Strategies for Reducing the Vulnerability of Grassland Birds to Climate Change within the Central Flyway

Fiscal Year: 
FY'19
Project Leader: 
Research Partners: 
Christine Ribic (USGS); Neal Niemuth (Fish and Wildlife)
Status: 
Ongoing
Science Themes: 

Prairies were once widespread across North America, but are now one of the most endangered and least protected ecosystems in the world. Agriculture and residential development have reduced once extensive prairies into a patchwork of remnant prairies and “surrogate” grasslands (e.g., hayfields, planted pastures). Grassland ecosystems and many grassland-dependent birds are also particularly vulnerable to rapid shifts in climate and associated changes in drought and extreme weather.

The Central Flyway is a vast bird migration route that comprises more than half of the continental U.S., and extends from Central America to Canada, and harbors the greatest diversity of grassland birds in North America. Throughout this region, numerous agencies and organizations are entrusted with the management of grassland ecosystems and the species that depend on them in landscapes extensively altered by human activities. Today, they face the additional challenge of managing these ecosystems in the face of a rapidly changing climate.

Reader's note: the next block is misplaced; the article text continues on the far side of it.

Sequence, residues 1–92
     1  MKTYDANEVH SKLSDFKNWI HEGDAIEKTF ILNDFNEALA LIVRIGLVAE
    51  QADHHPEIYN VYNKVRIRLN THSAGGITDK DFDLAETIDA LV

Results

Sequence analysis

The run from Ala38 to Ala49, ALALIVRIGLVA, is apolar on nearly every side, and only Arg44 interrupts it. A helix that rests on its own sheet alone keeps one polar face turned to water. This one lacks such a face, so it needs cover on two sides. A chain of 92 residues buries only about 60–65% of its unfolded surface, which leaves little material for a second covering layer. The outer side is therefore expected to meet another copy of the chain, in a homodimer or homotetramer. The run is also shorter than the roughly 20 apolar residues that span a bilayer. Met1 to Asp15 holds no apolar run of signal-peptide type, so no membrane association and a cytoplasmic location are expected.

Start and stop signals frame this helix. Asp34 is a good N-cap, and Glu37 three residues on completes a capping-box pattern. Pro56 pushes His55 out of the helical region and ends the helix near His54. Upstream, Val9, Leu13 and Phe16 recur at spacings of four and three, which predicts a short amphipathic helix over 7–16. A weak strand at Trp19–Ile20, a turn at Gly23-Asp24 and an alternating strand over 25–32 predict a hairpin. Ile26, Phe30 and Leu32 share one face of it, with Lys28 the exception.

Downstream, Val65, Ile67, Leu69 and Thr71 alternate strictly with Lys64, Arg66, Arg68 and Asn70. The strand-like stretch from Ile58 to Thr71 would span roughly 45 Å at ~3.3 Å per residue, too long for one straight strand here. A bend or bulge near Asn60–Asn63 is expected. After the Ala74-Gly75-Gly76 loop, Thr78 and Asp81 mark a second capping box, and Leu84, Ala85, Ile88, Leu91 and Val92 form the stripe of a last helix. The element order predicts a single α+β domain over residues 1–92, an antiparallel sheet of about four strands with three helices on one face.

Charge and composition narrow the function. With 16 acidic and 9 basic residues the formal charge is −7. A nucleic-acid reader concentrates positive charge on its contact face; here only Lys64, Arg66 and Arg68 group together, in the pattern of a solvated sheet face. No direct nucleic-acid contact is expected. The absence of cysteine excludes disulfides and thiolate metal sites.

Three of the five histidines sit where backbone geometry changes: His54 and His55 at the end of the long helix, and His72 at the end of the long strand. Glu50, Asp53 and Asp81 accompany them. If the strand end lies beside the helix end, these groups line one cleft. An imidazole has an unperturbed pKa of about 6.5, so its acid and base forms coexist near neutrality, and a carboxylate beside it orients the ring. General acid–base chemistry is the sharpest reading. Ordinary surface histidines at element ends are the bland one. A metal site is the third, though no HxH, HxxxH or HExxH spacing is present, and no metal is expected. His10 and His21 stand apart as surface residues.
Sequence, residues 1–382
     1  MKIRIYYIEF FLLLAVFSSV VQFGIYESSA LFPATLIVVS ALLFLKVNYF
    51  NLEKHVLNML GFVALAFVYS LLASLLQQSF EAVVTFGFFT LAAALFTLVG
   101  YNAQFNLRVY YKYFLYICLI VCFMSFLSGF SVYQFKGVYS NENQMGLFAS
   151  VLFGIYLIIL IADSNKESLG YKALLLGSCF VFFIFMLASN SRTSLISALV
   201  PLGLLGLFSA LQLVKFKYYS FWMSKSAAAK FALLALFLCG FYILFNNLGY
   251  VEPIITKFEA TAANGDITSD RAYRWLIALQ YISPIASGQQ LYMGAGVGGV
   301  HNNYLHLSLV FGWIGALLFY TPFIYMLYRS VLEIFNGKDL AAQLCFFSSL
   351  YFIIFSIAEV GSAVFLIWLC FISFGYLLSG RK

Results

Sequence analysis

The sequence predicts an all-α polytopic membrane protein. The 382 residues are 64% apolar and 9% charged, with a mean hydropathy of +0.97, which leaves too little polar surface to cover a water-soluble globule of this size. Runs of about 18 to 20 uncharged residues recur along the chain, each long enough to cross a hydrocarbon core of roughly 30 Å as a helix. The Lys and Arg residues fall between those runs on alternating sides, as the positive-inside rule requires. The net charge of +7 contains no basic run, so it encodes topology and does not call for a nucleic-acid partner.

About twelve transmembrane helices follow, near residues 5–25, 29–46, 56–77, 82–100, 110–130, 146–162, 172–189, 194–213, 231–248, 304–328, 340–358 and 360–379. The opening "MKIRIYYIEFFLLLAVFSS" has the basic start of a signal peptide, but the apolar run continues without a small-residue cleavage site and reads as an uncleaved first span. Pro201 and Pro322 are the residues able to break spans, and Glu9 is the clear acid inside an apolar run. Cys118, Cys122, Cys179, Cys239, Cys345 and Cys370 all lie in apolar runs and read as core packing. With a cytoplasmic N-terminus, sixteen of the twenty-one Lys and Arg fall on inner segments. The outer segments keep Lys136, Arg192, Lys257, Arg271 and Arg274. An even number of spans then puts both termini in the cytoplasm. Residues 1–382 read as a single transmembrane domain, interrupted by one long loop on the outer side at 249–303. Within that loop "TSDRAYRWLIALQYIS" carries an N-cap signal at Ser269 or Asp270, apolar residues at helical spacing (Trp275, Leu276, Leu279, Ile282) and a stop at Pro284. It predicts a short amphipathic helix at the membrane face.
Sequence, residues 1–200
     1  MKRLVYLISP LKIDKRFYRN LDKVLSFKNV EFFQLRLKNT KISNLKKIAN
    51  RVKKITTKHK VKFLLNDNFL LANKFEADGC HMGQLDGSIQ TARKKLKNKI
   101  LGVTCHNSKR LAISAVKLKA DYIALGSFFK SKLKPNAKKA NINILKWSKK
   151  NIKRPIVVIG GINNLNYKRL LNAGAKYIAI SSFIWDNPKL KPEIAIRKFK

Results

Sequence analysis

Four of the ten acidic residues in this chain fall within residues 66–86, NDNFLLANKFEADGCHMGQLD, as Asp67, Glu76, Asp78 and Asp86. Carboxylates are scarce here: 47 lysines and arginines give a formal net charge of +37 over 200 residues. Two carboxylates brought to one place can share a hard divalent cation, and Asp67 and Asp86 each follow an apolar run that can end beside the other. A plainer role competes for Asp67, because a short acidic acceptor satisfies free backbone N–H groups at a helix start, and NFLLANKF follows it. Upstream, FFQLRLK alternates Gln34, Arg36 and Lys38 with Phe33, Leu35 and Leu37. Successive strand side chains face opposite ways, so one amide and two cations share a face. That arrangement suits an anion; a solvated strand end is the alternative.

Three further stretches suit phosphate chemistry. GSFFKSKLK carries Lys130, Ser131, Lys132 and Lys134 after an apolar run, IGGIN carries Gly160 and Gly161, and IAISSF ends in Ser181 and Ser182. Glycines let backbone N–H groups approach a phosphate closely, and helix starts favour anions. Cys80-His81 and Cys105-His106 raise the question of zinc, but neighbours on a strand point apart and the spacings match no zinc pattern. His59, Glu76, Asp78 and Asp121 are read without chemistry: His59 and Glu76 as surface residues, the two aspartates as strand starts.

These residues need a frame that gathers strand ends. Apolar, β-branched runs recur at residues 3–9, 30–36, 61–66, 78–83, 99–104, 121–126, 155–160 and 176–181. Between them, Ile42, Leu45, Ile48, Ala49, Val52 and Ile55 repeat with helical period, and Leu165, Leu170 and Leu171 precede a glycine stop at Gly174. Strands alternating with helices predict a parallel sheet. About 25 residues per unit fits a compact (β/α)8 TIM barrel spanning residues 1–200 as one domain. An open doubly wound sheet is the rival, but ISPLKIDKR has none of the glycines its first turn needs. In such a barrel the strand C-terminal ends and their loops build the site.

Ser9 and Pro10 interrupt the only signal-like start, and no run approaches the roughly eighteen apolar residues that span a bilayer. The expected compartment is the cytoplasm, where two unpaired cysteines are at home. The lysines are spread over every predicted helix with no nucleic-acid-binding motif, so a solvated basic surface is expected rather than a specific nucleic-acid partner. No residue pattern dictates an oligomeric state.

The goal of this project is to synthesize the vulnerability of grassland ecosystems to climate change across the Central Flyway, with an emphasis on grassland-dependent migratory birds. Researchers will synthesize the state of the science, including providing a robust assessment of how climate variables directly and indirectly (via land use change) affect grassland habitats and migratory bird populations. Researchers will also review current and future adaptation strategies for the conservation of grassland ecosystems and grassland-dependent birds. This effort will result in a synthesis of key management strategies and future research needs related to the conservation of migratory grassland bird populations in the Central Flyway in the face of climate change.